An Italian design company has teamed up with the Massachusetts Institute of Technology to create prefabricated intensive care units (ICUs), to deal with escalating numbers of coronavirus patients around the world.
Coronavirus patients with access to hospital equipment, in particular ICU beds, have a much greater chance of survival. With 377,431 confirmed cases of COVID-19 on 24 March, health systems around the world are groaning under the strain.
Carlo Ratti Associati and the MIT Senseable City Lab are looking to address this growing need with ICUs built inside shipping containers, which can be joined together to create mobile field hospitals.
They have teamed up with engineering firms, logistic experts and medical equipment suppliers, as part of a non-profit effort, to create the Connected Units for Respiratory Ailments, or CURA. These are designed to be as quick as a tent to put up, but as safe as a hospital with “biocontainment” – a series of safety practices to prevent the spread of disease.
The structure is quick to assemble and disassemble. Because it is made of shipping containers, it can be moved from epicentre to epicentre by road, rail and ship, within countries and from city to city around the world.
CURA (Connected Units for Respiratory Ailments)
Amidst the COVID-19 pandemic, an international task force of designers, engineers, medical professionals, and military experts have joined forces to launch CURA, an open-source project aimed at capacity building in intensive-care units (ICU). CURA (Connected Units for Respiratory Ailments) aims to convert shipping containers into plug-in Intensive-Care Unit Pods for the COVID-19 pandemic. The units would be as fast to mount as a hospital tent, but as safe as an isolation ward, thanks to biocontainment and negative pressure. CURA aims to improve the efficiency of existing solutions in the design of field hospitals, tailoring them to the current pandemic.
CURA is an intensive-care pod for patients with respiratory infections, hosted in a 20-foot intermodal container with biocontainment. Each unit works autonomously and can be shipped anywhere. Individual pods are connected by an inflatable structure to create multiple modular configurations (from 4 beds to over 40), which can be deployed in just a few hours. Some pods can be placed in proximity to a hospital (e.g. in parking lots) to expand the ICU capacity, while others could be used to create self-standing field hospitals of varying sizes.
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There is no international standard requiring a set number of hospital beds per thousand of population, so there are huge differences between countries.
There is even more variation when it comes to ICU beds per 100,000 inhabitants. Italy, which has suffered the deadliest outbreak of the disease with almost 64,000 cases, has 12.5 critical care beds per 100,000 people; compared with Germany, which has 29.2.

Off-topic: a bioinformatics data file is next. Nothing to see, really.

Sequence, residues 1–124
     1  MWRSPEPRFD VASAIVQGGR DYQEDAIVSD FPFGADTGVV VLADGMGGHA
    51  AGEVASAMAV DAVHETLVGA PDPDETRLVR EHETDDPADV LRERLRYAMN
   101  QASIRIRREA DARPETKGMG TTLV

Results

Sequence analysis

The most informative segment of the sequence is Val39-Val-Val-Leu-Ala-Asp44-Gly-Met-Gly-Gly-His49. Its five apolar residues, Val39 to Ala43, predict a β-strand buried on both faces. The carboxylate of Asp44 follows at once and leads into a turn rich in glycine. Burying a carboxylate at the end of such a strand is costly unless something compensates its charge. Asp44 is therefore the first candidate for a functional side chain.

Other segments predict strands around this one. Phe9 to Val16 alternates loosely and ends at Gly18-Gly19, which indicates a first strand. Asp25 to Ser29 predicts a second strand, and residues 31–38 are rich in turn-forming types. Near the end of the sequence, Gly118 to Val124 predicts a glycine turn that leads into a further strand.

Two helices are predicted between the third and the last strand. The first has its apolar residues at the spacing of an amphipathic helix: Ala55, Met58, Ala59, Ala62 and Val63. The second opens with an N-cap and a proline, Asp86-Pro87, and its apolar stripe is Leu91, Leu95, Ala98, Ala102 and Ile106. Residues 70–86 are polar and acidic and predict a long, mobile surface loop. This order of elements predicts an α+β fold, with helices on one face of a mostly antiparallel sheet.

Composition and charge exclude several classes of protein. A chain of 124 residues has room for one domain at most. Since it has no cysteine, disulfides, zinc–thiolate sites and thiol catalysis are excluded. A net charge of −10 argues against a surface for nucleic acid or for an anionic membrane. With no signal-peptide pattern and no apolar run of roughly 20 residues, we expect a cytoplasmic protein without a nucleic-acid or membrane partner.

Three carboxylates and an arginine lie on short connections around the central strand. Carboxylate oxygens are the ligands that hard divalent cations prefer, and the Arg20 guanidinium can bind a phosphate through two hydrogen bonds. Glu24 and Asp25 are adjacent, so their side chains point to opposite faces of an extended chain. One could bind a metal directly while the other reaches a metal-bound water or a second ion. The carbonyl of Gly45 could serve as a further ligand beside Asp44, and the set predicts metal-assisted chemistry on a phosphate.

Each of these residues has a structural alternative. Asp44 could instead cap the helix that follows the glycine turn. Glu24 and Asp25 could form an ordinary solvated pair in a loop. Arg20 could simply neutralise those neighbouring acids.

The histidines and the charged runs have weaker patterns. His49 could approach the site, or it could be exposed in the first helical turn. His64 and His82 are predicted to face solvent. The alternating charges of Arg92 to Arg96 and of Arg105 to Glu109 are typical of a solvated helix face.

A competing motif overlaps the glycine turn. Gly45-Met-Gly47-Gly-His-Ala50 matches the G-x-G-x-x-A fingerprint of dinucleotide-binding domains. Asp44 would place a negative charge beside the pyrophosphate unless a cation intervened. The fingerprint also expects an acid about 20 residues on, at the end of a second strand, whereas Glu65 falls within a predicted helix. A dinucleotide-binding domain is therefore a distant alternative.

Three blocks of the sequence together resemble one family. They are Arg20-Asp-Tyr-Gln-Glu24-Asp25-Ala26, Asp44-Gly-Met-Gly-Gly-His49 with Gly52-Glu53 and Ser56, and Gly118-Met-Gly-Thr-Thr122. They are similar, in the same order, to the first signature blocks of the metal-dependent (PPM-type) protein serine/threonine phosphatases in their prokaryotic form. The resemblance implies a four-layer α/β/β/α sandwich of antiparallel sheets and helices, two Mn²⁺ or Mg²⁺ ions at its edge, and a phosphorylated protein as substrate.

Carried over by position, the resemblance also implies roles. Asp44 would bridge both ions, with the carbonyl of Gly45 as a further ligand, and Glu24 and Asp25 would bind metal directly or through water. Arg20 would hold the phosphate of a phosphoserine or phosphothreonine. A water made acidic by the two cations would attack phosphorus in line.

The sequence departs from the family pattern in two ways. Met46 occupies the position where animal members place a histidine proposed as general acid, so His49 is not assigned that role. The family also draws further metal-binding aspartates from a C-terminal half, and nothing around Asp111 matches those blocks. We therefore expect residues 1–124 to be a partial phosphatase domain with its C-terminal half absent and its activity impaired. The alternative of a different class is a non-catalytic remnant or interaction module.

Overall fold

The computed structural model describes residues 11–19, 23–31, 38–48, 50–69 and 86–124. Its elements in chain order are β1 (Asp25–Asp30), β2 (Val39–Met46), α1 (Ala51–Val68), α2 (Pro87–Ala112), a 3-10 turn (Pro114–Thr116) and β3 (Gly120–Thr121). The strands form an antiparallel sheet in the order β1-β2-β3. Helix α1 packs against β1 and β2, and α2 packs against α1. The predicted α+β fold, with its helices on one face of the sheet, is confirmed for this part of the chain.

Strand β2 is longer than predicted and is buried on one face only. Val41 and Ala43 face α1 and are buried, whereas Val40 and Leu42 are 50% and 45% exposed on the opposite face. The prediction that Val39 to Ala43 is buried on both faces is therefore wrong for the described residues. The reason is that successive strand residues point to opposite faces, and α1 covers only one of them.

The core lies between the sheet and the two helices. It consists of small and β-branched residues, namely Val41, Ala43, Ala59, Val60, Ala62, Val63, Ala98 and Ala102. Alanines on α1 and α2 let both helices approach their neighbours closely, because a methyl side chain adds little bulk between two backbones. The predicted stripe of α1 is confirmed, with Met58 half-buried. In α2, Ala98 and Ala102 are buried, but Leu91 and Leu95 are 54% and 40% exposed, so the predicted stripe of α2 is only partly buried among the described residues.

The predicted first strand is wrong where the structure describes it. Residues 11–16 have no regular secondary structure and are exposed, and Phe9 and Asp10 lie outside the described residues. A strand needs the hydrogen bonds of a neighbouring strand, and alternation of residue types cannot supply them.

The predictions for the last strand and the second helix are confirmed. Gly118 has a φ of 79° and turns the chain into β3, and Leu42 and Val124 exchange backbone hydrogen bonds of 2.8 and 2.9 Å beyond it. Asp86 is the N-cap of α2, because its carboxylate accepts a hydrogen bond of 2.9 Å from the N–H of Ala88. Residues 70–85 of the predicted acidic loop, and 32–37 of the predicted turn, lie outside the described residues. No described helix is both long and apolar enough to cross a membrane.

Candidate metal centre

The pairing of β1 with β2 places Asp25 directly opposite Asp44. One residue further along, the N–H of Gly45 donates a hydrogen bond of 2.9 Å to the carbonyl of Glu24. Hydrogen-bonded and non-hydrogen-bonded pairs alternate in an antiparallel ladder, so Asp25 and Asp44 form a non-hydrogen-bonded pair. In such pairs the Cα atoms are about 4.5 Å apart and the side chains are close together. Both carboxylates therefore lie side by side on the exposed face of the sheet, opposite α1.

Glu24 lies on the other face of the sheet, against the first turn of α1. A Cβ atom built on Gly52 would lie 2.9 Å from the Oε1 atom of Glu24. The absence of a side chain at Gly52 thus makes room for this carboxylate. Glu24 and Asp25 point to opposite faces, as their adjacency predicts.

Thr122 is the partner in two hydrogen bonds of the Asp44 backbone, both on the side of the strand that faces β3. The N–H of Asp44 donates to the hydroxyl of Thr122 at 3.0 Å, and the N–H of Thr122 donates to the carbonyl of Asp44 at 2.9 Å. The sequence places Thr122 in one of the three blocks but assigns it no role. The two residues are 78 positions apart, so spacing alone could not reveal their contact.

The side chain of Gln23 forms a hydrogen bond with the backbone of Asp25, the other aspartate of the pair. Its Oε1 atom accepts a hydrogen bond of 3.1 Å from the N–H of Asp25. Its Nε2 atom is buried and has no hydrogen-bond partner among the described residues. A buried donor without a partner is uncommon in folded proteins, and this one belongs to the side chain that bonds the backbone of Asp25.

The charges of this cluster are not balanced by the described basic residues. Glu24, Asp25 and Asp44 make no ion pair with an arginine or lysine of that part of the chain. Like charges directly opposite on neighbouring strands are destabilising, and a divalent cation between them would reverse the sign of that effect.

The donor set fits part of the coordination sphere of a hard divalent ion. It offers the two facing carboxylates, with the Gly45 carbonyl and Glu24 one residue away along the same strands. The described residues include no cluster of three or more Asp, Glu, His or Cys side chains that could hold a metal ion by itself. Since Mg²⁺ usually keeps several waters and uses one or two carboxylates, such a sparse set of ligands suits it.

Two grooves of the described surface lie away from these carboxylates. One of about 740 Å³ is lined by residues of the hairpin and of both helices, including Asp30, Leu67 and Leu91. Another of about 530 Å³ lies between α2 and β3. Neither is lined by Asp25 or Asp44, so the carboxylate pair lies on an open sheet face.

Once people are admitted to hospital, coronavirus patients require intensive and lengthy treatment, meaning beds are tied up for a number of weeks. Doctors in the north of Italy say that 70% of their intensive care unit beds are now reserved for coronavirus patients with “a reasonable chance to survive”. Older patients “are not being resuscitated and die alone”.
Scientists in London have used data from the Chinese epidemic to calculate the impact on the UK’s National Health Service. They estimate that the UK will need 200 beds per 100,000 people in the population. At the moment there are just under seven per 100,000.
Total numbers of critical care beds per 100,000 capita of population
Outside of Europe, preparations are being made to shore up fragile health systems in Africa, which could be overwhelmed if the disease takes hold there.
Alice Charles, Lead, Cities, Infrastructure & Urban Services at the World Economic Forum, which is supporting the project, says: “We are most concerned about the spread of coronavirus to densely populated urban areas in the global south, particularly in Africa where the trajectory for the first 40 days looks much worse that Europe. Hence we believe a solution of this nature needs to get to scale as soon as possible.”
The non-profit effort behind CURA involves a number of international partners with a range of expertise, including: CRA-Carlo Ratti Associati with Italo Rota (Design and Innovation), Humanitas Research Hospital (Medical Engineering), Policlinico di Milano (Medical Consultancy), Jacobs (Alberto Riva – Master Planning, design, construction and logistics support services), studio FM milano (Visual identity & graphic design), Squint/opera (Digital media), Alex Neame of Team Rubicon UK (Logistics), Ivan Pavanello of Projema (MEP Engineering), Dr. Maurizio Lanfranco of Ospedale Cottolengo (Medical Consultancy).
Hospitals made from shipping containers could help tackle COVID-19 and CURA (Connected Units for Respiratory Ailments), World Economic Forum, Switzerland, 2020.
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